Winter Flying? Really, Must We?

26

There’s a parable I learned as an ATC cadet at the FAA Academy. It poses a child, furiously digging through a pile of horse manure. When asked why, the kid replies, “There’s gotta be a pony in there somewhere!” And that encapsulates humanity’s collective enthusiasm to seek reward in times redolent of deep poop. Lab results for the year 2020 are pending but likely will verify the wheezy human condition, without unmasking those of us cruising above reality in search of elusive ponies, ever since Genesis[1] proclaimed: “Let there be flight.” 

Without optimism, human flight could never exist. The opening newsreel in “Those Magnificent Men in Their Flying Machines “(1965) shows historical over-actor Red Skelton, historically coming to doom in various failed aeronautical attempts, all without losing hope or gaining enlightenment. The point being, if at first you don’t succeed, join EAA and try, try … and try, try, again. I’m still trying … on many levels.

Annually, since emigrating from Monterey, California, to Iowa in 1984, I’m caught off balance by the return of hangar-freezing winter. Not “rainy season,” as it was euphemistically called in Hawaii where I learned to fly; or “Look at the pretty snow on the Sierra mountain tops,” but, instead, stinking “winter.” I find it an abusive word with crystalline letters forged into deadly points and razor edges. “Summer,” by contrast, is composed of inviting curves with an impish attitude in its tiny “r” end, so adorable you just want to slip it into your vest pocket and take it flying.

Maybe snap a selfie of the two of you with the Husky’s clamshell door latched open above an Orbison blue bayou. Take “winter” aloft with equal trust, and the snowy badger will bite your carotid and scatter your bones across a frozen Minnesota lake, one of 10,000 I’m told are up there. In short, I loathe winter above the 34th parallel … except in Monterey (36th), but that’s not real winter. Inhabitants of Pebble Beach wouldn’t permit it. Well, maybe for a few hours around the Vegan Solstice Festival (postponed).

Yes, I admit that winter is manageable, possibly bearable and to some, embraceable. Just don’t get too smoochy, or your tongue will stick to it until spring. I had a wintertime student, named Dwayne, who’d reluctantly left northern Wisconsin—slightly above the Arctic circle—for a taxidermist training program in balmier Iowa. Having foolishly read one of my articles, boasting—without evidence—that taildragger pilots are superior human beings, he bought a Taylorcraft and asked me to be his instructor. I do like T-crafts but find the side-by-side seating uncomfortable with two modern-gauge adults on board. Comfort is so overrated, so I agreed as the first flakes of winter fell.

Each lesson, I’d be swaddled in so much down-filled Gore-Tex that I resembled a grumpy Michelin Man, clogging about in deep-sea diving boots. Dwayne, being a cheerful way-up-northerner, wore shorts. Cargo shorts. Plaid. And sneakers, also plaid, no socks. He radiated warmth. I’d register hypothermia before climbing inside the unheated cabin. I say, “cabin,” instead of, “cockpit,” because it felt like a Yukon hunting lodge with a heater knob that, like a landlord’s promise, merely registers your request for heat without delivering. During pattern work, we’d glean momentary warmth from the engine, but on downwind with power retarded, the cabin plunged back into winter. The wind hissing past the Ceconite’s duct-taped cracks only made it feel colder. Had there been an onboard Franklin stove, I wouldn’t have hesitated to build a fire with the out-of-date sectionals that provided the airframe’s only insulation.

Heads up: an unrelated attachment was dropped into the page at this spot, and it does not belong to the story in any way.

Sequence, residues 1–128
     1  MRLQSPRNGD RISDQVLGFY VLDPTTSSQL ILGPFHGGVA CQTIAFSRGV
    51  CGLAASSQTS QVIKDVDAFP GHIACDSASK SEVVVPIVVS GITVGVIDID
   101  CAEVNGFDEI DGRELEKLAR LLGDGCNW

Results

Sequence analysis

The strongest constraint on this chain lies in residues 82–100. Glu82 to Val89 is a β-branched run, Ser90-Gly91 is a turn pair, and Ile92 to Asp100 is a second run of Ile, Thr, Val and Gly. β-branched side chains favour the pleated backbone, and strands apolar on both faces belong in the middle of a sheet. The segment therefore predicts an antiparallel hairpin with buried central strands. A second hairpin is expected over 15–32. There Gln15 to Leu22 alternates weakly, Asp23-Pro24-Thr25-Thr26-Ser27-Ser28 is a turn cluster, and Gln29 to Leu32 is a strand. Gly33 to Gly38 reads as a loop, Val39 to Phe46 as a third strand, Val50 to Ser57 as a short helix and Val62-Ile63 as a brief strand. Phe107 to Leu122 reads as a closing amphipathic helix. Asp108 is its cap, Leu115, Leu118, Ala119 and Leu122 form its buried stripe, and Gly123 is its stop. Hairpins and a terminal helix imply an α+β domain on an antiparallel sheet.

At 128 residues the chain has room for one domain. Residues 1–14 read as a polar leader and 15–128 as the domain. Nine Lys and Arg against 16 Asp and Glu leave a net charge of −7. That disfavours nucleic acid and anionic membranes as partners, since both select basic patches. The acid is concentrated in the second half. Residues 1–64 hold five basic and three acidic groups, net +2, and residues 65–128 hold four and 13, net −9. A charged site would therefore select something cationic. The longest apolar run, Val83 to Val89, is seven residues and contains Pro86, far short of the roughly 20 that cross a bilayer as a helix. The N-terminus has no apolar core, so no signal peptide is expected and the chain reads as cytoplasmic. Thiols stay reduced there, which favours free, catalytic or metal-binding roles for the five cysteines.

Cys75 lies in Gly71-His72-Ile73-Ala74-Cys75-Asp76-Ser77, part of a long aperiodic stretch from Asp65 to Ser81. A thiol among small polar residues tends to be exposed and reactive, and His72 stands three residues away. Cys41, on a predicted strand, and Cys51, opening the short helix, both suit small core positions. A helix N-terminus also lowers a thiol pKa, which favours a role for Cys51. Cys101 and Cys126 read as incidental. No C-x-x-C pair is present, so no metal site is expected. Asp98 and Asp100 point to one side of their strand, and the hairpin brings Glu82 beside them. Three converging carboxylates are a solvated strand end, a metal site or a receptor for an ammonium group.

It’s interesting how when flight instructing in winter, the instructor freezes while the student cranks out BTUs like a runaway Janitrol. The Aviation Instructor’s Handbook suggests it’s poor form for CFIs to warm their hands over radiating students.

Dwayne became a fine tailwheel pilot and subsequently returned to the frozen cheese state where he likely swapped the T-crate’s wheels for skis. Years later and one day ago, I stood outside my hangar after a three-inch snow. Not an unusual event but one that was especially cruel, since the previous week’s temps had nudged 60. Like teenagers willfully oblivious to thoughts of tomorrow, we flew off grass still green and murdered bugs foolish enough to think autumn would never end. It was glorious. But so was Europe in 1913. Well, except for the Balkan bits.

Hoping beyond reason to extend the belle epoch illusion of year-round carefree aviation, I shunned the cold and scraped and chiseled at the hangar door to rescue my airplane trapped within. Frankly, no one asked the Champ her opinion. I know that I wouldn’t want to be roused out of a preheated bed on a cold morning, but I was determined to fly for no other purpose than to put dense air between my numbed butt and endless white landscape. It’s one thing if you have a mission. Say, getting the serum through or running a flight school, where customers pay you to scrape and chisel, so they don’t have to. Upon arrival after dawn, they should be greeted with a clean ramp, a warm airplane—not just the engine—and a hearty, “Good morning, Mrs. Sanderson. Coffee’s hot, and your instructor should be thawed out momentarily. Help yourself to a day-old bagel.”

But I offer no winter mission statement, and my future aviation plans are modest. I don’t care about Mars colonies—stupid cold up there—or drone-administered home colonoscopies as seen on the channel that runs M.A.S.H. 24/7. It’s too early to fantasize about spring, but I do glimpse hope for a semblance of feigned civility in public discourse, and the FAA fulfilling its tease to raise LSA weight limits to reasonable levels (Santa, you promised at OSH!). Yeah, I’m stretching for gold rings on both counts. Meanwhile, as Don Quixote once tilted in vain at windmills, I’ll keep digging, because when facing the reality of my hangar door snow-drifted shut, I know: “There’s gotta be a pony in there somewhere!”


[1] On their third album, pre-Phil Collins, I believe.

Other AVwebflash Articles

26 COMMENTS